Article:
Living with depression is a bit like being trapped inside Pandora’s box. You are in a dark place, surrounded by guilt, shame, anger and despair, by envy of those who are mentally healthy, by self-hatred despite your achievements, by loneliness and isolation despite the presence of loved ones. Encircled by so much misery, it’s no wonder that depressed people lose sight of hope, tucked away in the corner.
When my partner and I saw my psychiatrist a couple of days ago I was convinced there was no hope for me. I no longer believed that hope was just hidden from view at the moment, that I would get it back when I was less depressed. As far as I was concerned, it had gone for good. And so that’s what I told my Consultant: that I could not see any hope going forward. This period of depression had begun with the conviction that I could not go forward into middle and old age with bipolar, but during January those thoughts developed into the idea that I could not go forward – full stop. I could not see how I could be expected to continue living through mood shift after mood shift, never knowing how I would be from one week to the next. I had tried very hard to take responsibility for managing my bipolar, but this had metamorphosed into feeling that the disorder had become like a heavy weight I was compelled to carry around by myself, with no possibility of putting it to down to rest for a while. The result was that I was thinking a great deal about death. I didn’t have an active suicide plan, but I continually fantasised about not being around. I don’t have a belief in God as most people understand the term, but I had been obsessing over a 17th century poem by Francis Quarles I learned while singing Howard Goodall’s Eternal Light requiem:
Close now thine eyes and rest secure;
Thy soul is safe enough, thy body sure;
He that loves thee, He that keeps
And guards thee, never slumbers, never sleeps.
The smiling conscience in a sleeping breast
Has only peace, has only rest;
The music and the mirth of kings
all but very discords, when she sings;
Then close thine eyes and rest secure;
No sleep so sweet as thine, no rest so sure.
That was what I craved: giving over responsibility to someone else so that I could rest. If forever, so be it.
I was startled when my psychiatrist asked what I thought would be helpful. I had got to a point where I had almost forgotten why we were seeing him; I was so convinced there was nothing to be done for me. And yet here was my doctor asking calmly whether I would like to consider any of the crisis interventions we’d previously discussed. Home Treatment Team was there, he reminded me. I only had to say the word, and if I couldn’t make the call myself, my partner could do it. Admission was also an option, although not one I thought would be beneficial. In terms of medication, although there was little wriggle room in terms of dosage increases, he did suggest pushing my antipsychotic up to maximum. Had I been using PRN diazepam? No, I said, surprised. Despite having plenty in my med store and it being part of my self-management plan, I just hadn’t thought of it. My thinking was so warped I simply wasn’t able to come up with strategies I usually used.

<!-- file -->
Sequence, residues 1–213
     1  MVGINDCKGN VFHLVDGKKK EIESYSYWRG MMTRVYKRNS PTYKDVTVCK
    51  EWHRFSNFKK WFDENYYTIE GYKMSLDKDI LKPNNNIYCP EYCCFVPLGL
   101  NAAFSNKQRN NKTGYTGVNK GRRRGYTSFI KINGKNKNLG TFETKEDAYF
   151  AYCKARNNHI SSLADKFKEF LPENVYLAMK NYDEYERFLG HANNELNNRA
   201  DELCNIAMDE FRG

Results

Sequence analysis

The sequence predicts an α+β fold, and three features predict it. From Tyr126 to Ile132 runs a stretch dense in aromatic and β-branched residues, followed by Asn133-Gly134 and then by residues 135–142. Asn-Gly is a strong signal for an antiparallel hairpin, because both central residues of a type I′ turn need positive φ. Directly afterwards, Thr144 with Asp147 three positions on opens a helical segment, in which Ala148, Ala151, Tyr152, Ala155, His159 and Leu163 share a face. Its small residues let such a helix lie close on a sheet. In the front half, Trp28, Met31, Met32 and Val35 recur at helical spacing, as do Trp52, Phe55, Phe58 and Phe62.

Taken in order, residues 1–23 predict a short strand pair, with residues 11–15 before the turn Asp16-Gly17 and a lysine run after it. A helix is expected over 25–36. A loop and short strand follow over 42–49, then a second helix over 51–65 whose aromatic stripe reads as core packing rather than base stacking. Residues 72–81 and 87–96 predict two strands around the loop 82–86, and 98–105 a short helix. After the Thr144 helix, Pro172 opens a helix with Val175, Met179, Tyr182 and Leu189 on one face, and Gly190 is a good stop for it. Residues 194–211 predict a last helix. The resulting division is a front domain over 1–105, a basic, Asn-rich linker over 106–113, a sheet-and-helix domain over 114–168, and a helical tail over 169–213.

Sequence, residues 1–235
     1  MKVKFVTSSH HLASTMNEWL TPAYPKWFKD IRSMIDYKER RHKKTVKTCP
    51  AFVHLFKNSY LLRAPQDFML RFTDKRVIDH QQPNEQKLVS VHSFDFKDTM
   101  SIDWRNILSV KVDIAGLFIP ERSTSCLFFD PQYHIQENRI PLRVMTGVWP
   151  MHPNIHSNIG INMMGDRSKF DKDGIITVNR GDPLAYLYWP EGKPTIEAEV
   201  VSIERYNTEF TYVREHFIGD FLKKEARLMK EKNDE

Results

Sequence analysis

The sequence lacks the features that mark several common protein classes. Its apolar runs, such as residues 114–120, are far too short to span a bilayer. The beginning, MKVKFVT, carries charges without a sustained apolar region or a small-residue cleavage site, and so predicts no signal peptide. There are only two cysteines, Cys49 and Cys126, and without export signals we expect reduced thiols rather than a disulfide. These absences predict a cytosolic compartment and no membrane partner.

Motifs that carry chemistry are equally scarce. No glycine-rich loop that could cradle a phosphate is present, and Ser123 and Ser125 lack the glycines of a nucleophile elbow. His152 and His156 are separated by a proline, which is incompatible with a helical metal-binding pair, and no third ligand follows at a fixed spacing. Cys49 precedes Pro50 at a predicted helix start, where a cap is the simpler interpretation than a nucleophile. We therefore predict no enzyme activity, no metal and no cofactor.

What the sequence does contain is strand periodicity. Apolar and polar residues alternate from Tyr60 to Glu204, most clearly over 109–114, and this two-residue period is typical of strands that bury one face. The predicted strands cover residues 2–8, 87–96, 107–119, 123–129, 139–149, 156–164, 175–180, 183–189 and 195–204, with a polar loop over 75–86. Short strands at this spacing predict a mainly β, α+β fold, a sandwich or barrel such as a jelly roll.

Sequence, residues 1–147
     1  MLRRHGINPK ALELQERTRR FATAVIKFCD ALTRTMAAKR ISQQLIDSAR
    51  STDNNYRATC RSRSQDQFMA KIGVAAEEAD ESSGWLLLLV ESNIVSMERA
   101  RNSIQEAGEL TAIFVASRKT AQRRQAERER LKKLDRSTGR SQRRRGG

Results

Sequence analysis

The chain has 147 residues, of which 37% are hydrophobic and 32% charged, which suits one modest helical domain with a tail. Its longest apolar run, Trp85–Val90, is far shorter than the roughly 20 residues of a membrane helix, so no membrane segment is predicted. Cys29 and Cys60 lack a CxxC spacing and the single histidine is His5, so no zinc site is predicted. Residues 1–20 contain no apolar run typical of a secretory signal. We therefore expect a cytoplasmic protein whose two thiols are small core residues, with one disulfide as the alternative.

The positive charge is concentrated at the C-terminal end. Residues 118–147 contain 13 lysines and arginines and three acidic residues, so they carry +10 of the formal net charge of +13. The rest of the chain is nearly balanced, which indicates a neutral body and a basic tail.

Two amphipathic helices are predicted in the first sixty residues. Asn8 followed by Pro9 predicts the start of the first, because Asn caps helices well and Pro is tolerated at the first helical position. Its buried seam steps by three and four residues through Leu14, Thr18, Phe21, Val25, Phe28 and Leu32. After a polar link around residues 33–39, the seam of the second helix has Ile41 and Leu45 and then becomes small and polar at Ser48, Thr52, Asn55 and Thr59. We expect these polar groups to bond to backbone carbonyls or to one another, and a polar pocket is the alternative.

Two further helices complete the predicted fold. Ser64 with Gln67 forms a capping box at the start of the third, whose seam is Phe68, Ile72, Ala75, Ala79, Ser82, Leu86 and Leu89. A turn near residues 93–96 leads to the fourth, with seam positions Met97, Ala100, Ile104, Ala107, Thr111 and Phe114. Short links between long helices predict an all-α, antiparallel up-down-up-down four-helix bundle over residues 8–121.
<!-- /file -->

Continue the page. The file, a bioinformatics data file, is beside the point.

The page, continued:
Between us, as I sobbed, we thrashed out a plan. I am going to take the maximum dose of quetiapine for the next two weeks, and use diazepam once or twice a day if needed. If by the end of the week I am not feeling any better, or feel more actively suicidal, we will call on Home Treatment Team. I will see my Consultant again in two weeks and in the interim my partner will work from home as much as possible and try to be able to be on the end of a phone when at the office.
The meeting had an immediate effect on me (I’m crying just writing about it). I learned that I didn’t have to carry my burden around by myself. The professionals were willing to take some of the load, up to and including admitting me if I genuinely couldn’t keep myself safe. My partner was also ready to take on more of the burden than I had been allowing him to. I awoke the following day feeling a little better – but not great, not happy, certainly not “fixed”. I recognise it will take some time to recover from the depths of this low, but I can see that there is after all a safety net. Today for the first time I feel like I might actually be able to fight back against the depression. The weight can be passed around. I have seen hope.